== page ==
- Waives or extends for one year the traditional requirements for teacher and principal preparation programs, student teaching requirements, and exams
- Extends eligibility for the Apprenticeship Tuition Waiver through the end of the calendar year for community colleges
- Waives interest charges on outstanding UNC student bills
Department of Transportation
Temporarily extends DMV deadlines, fees, and fines for certain licenses and requirements for six months if they expire between March 1, 2020, and August 1, 2020.
Clarifies the ability of public bodies (including municipal and county governments) to meet remotely during states of emergency.
Waives required interest payments on individual income tax and corporate income and franchise tax returns due on or before April 15, 2020, if those taxes are paid before July 15. The relief applies to tax returns and to estimated tax payments for 2020 due on or before April 15, 2020.
- Increases the maximum weekly unemployment benefit to $400 as of August 1, 2020, when the new federal benefits are scheduled to expire
- Codifies the provisions of the Governor’s recent executive orders related to temporary changes to the unemployment system
- Codifies the ability of employers to file attached claims
- Allows a tax credit against the employer’s payroll taxes in an amount equal to the amount of taxes payable on the report filed by the employer on or before April 30, 2020;
- Directs that no change will be made to an employer’s tax rate as a result of layoffs caused by COVID-19
- Adopts the recommendations of the Joint Legislative Committee on Unemployment Insurance:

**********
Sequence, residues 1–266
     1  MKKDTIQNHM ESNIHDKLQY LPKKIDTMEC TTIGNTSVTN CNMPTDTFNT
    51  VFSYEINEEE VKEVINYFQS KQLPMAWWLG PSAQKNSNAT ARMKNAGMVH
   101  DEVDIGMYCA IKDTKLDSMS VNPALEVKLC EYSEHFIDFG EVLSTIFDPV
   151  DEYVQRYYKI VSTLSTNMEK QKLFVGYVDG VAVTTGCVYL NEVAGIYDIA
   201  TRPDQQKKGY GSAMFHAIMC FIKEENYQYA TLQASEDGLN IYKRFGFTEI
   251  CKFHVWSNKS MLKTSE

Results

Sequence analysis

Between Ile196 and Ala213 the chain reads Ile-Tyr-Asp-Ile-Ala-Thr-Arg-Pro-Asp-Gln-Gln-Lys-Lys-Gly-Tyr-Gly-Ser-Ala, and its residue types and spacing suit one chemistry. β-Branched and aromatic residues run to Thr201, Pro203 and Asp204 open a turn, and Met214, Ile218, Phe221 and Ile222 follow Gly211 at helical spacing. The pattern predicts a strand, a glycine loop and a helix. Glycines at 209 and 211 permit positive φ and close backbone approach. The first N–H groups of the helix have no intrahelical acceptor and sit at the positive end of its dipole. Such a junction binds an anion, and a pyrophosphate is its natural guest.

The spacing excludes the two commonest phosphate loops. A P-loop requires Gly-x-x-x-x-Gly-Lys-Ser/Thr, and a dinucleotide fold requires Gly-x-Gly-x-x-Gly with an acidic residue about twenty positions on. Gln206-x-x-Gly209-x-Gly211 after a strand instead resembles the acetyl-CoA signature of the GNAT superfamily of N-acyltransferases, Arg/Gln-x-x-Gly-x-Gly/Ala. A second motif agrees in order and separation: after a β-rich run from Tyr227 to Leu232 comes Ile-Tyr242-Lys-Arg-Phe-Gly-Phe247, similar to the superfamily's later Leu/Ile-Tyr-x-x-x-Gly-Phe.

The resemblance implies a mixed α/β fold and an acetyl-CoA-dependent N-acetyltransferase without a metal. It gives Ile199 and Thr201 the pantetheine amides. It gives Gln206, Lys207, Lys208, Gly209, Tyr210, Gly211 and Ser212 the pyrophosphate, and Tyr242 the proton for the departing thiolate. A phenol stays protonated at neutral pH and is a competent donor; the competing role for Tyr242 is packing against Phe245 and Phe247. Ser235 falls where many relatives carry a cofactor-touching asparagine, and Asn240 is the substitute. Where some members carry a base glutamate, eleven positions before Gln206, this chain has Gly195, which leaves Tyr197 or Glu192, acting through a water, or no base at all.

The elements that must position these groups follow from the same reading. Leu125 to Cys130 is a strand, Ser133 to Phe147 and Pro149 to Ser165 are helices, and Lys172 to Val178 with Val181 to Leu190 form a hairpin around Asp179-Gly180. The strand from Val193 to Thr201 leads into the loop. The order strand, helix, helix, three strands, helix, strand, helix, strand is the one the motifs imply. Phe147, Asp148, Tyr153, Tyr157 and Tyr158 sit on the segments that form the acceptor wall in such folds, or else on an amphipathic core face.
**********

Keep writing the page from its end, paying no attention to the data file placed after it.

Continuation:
- Allow a claimant to satisfy one of the weekly job contacts by attending a reemployment activity offered by a local career center that the Division of Employment Security has verified as a suitable credit toward the work search requirement. The claimant will have to verify attendance at the activity to DES
- Allow an employer to initiate an unemployment claim for employees when the unemployment is due directly to a disaster covered by a federal disaster declaration
- Provide that a lien for county property taxes does not take priority over a previously filed lien for past due payroll taxes
- Repeal the sunset of the Joint Legislative Oversight Committee on Unemployment Insurance
- Allows DES to interpret flexibly or waive, as appropriate, the following:
- The one-week waiting period for benefits
- The able and available to work requirements
- The work search requirements
- The actively seeking work requirements
- The “lack of work” requirements for partially unemployed claimant